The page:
At age 42 Cayley was appointed to a newly created Sadleirian professorship on ‘the principles of pure mathematics’ at Cambridge and he He gave up a lucrative practice for a modest salary. He at once married and settled down in Cambridge. He published over 900 papers and notes covering nearly every aspect of modern mathematics. The most important of his work is in developing the algebra of matrices, work in non-euclidean geometry and n-dimensional geometry. As early as 1849 Cayley published a paper linking his ideas on permutations with the French mathematician Augustin-Louis Cauchy‘s,[6] followed by two papers which are remarkable for the insight they have of abstract groups.

Abstract Group Theory

At that time the only known groups were permutation groups and even this was a radically new area, yet Cayley defines an abstract group and gives a table to display the group multiplication. He gives the ‘Cayley tables‘ of some special permutation groups but, much more significantly for the introduction of the abstract group concept, he realized that matrices and quaternions were groups. Cayley developed the theory of algebraic invariance, and his development of n-dimensional geometry has been applied in physics to the study of the space-time continuum. His work on matrices served as a foundation for quantum mechanics. Cayley also suggested that euclidean and non-euclidean geometry are special types of geometry. He united projective geometry and metrical geometry which is dependent on sizes of angles and lengths of lines.

“It is difficult to give an idea of the vast extent of modern mathematics. The word “extent” is not the right one: I mean extent crowded with beautiful detail—not an extent of mere uniformity such as an objectless plain, but of a tract of beautiful country seen at first in the distance, but which will bear to be rambled through and studied in every detail of hillside and valley, stream, rock, wood, and flower.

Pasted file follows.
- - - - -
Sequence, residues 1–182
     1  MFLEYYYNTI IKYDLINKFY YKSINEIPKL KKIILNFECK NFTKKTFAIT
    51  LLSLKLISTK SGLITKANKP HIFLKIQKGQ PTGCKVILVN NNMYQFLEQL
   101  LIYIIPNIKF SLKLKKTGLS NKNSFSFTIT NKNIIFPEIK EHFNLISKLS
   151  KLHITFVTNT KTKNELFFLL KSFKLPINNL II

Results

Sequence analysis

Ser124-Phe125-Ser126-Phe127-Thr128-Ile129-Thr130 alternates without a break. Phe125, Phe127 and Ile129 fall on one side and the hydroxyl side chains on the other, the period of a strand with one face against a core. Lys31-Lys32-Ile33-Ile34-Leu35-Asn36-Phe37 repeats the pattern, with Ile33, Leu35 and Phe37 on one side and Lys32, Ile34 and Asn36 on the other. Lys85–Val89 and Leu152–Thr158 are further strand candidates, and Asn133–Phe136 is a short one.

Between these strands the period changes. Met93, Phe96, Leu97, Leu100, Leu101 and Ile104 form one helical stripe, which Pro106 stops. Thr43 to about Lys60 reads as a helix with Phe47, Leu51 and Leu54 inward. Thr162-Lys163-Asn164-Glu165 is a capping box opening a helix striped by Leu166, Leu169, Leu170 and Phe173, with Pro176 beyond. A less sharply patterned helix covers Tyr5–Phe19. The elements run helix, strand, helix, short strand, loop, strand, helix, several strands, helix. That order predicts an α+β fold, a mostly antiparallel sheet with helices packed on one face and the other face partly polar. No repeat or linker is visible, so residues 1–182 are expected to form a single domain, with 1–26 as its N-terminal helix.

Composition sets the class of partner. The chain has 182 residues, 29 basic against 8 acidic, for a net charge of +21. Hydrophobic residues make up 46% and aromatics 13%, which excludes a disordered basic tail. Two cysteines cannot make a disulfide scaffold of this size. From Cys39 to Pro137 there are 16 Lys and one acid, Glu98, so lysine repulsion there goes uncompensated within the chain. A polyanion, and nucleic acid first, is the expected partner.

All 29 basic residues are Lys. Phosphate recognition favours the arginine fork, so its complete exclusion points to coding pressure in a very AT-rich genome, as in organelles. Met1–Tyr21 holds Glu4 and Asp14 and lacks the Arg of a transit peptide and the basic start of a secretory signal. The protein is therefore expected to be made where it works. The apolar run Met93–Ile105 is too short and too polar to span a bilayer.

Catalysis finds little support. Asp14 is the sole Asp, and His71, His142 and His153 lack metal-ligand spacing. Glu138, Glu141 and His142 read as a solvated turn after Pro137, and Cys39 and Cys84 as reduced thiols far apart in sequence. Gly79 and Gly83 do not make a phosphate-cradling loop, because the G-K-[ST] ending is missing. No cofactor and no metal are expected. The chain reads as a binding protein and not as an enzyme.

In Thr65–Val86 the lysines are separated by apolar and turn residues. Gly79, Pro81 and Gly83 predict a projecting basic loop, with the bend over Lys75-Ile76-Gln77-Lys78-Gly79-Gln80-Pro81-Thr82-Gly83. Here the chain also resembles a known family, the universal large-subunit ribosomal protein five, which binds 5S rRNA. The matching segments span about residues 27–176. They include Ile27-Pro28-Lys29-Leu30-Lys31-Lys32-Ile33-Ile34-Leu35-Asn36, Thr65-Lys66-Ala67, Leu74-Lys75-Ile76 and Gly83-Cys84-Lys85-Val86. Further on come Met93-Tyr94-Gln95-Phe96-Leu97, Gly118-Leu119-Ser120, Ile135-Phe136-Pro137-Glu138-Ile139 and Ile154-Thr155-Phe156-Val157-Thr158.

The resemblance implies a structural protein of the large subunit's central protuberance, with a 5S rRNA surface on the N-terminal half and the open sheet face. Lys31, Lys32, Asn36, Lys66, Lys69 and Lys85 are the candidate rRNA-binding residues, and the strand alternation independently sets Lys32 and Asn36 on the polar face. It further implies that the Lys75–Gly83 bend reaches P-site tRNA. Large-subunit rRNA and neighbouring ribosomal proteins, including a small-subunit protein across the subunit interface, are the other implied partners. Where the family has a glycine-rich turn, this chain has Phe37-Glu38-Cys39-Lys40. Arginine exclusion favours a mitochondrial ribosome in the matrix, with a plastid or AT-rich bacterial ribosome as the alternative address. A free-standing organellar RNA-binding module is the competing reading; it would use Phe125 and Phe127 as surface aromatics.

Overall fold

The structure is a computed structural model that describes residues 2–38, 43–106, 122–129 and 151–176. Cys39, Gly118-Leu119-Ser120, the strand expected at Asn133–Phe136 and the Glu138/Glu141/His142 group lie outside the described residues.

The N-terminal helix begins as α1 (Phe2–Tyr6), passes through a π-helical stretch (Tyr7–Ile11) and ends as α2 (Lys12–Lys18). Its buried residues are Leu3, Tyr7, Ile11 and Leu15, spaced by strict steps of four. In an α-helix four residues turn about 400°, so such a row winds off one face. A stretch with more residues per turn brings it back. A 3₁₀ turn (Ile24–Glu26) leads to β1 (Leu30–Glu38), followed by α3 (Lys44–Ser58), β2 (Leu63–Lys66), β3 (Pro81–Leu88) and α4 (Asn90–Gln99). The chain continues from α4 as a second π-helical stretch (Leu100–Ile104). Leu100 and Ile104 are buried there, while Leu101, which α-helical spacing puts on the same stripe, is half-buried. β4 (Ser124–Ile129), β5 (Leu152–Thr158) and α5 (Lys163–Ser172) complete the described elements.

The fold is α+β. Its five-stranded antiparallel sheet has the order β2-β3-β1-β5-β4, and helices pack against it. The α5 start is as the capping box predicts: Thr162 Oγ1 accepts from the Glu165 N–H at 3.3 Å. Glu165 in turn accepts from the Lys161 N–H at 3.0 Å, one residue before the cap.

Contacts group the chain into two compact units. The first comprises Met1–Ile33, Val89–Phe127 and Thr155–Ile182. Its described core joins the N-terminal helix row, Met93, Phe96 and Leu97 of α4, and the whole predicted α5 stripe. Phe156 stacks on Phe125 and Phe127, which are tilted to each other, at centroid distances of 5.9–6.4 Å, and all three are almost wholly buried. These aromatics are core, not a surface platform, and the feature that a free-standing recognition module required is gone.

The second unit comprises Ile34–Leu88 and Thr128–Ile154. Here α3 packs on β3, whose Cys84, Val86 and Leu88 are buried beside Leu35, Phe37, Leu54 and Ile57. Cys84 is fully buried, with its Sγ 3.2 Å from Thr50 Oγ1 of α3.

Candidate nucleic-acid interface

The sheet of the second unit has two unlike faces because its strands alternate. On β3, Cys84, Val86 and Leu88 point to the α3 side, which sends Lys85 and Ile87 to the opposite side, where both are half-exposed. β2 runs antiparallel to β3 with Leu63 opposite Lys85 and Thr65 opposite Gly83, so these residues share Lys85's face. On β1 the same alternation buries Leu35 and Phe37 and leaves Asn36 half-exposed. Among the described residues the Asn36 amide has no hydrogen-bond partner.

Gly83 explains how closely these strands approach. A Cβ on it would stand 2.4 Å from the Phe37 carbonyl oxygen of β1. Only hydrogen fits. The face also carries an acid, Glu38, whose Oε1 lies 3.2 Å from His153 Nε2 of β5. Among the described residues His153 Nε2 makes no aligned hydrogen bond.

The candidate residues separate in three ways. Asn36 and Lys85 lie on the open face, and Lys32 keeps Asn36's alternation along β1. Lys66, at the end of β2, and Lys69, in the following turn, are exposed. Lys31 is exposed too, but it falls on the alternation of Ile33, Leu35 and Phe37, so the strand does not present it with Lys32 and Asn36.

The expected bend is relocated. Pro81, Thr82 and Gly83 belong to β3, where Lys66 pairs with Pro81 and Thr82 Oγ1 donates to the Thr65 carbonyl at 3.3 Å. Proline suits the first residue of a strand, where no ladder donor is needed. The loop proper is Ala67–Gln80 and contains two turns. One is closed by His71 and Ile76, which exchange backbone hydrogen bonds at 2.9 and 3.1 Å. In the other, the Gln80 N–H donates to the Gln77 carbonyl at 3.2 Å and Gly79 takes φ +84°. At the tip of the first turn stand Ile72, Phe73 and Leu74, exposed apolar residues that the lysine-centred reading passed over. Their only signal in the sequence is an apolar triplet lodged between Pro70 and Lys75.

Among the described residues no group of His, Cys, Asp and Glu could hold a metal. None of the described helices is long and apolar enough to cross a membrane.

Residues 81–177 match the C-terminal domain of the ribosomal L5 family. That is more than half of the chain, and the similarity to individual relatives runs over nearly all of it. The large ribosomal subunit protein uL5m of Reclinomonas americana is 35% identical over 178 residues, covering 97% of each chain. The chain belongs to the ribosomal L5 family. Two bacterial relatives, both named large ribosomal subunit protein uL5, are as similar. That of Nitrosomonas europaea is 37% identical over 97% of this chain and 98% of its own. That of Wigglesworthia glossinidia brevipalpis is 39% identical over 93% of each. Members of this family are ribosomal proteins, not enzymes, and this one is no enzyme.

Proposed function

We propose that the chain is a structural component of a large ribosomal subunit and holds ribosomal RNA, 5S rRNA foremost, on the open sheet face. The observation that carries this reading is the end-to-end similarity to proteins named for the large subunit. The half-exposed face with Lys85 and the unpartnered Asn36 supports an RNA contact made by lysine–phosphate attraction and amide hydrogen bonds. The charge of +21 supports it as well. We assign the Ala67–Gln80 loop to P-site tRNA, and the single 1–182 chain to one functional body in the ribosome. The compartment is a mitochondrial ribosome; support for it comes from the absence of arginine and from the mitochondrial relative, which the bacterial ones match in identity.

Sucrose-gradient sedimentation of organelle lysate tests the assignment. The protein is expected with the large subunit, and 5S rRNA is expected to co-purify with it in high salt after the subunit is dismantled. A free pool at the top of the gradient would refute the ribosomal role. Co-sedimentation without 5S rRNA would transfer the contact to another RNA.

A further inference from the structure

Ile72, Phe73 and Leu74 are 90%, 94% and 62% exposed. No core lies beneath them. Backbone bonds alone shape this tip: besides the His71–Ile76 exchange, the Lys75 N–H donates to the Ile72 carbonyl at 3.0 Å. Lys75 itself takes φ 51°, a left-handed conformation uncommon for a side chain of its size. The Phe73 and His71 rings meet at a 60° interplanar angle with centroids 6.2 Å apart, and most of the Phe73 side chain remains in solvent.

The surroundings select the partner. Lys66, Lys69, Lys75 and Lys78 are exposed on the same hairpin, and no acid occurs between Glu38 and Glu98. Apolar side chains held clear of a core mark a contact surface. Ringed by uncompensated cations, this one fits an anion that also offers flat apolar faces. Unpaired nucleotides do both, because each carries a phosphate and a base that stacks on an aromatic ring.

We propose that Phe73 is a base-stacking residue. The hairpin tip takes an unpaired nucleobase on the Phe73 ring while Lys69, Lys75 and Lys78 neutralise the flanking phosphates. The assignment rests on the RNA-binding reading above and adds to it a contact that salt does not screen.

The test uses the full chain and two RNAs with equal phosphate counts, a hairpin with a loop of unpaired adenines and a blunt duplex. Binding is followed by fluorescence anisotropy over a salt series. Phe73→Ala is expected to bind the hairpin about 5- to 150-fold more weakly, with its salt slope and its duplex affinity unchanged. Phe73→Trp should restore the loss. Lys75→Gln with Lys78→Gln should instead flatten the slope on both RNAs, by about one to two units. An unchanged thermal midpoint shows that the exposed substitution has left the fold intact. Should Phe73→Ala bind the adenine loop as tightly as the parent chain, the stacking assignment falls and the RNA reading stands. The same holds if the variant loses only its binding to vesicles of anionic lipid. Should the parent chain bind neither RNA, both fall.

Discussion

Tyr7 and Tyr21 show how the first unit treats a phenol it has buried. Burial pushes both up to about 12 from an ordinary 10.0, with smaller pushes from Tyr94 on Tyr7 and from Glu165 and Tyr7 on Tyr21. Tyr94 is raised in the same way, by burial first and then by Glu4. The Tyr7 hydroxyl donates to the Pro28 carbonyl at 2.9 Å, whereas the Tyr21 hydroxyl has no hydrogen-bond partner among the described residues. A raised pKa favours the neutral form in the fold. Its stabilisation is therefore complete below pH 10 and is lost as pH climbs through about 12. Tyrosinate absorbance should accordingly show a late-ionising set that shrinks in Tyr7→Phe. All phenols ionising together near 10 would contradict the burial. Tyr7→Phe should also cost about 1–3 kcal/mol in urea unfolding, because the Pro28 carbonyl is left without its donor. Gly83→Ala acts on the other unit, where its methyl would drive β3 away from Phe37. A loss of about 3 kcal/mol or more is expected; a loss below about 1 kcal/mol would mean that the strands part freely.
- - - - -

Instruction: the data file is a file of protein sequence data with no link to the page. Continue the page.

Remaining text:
— Arthur Cayley, President’s address (1883) to the British Association for the Advancement of Science, in [13]

Further Achievements

Cayley’s manner was diffident but decisive. He was a capable administrator who quietly and effectively discharged his academic duties. He was an early supporter of women’s higher education and steered Newnham College, Cambridge (founded in 1871), during the 1880s. Despite aiding the careers of a few students who naturally took to pure mathematics, Cayley never established a full-fledged research school of mathematics at Cambridge.[3] His doctoral students include the mathematicians H. F. Baker, Andrew Forsyth, and Charlotte Angas Scott. [8] In mathematics Cayley was an individualist. He handled calculations and symbolic manipulations with formidable skill, guided by a deep intuitive understanding of mathematical theories and their interconnections. His ability to keep abreast of current work while seeing the wider view enabled him to perceive important trends and to make valuable suggestions for further investigation.

Cayley was awarded numerous honors, including the Copley Medal in 1882 by the Royal Society. He served as the president of the BMS (British Association for the Advancement of Science), the Cambridge Philosophical Society, the London Mathematical Society and the Royal Astronomical Society. On January 26, 1895, Cayley passed away due to natural causes at age 73.

Matthew Macauley, Visual Group Theory, Lecture 1.2: Cayley graphs, [10]

References and Further Reading: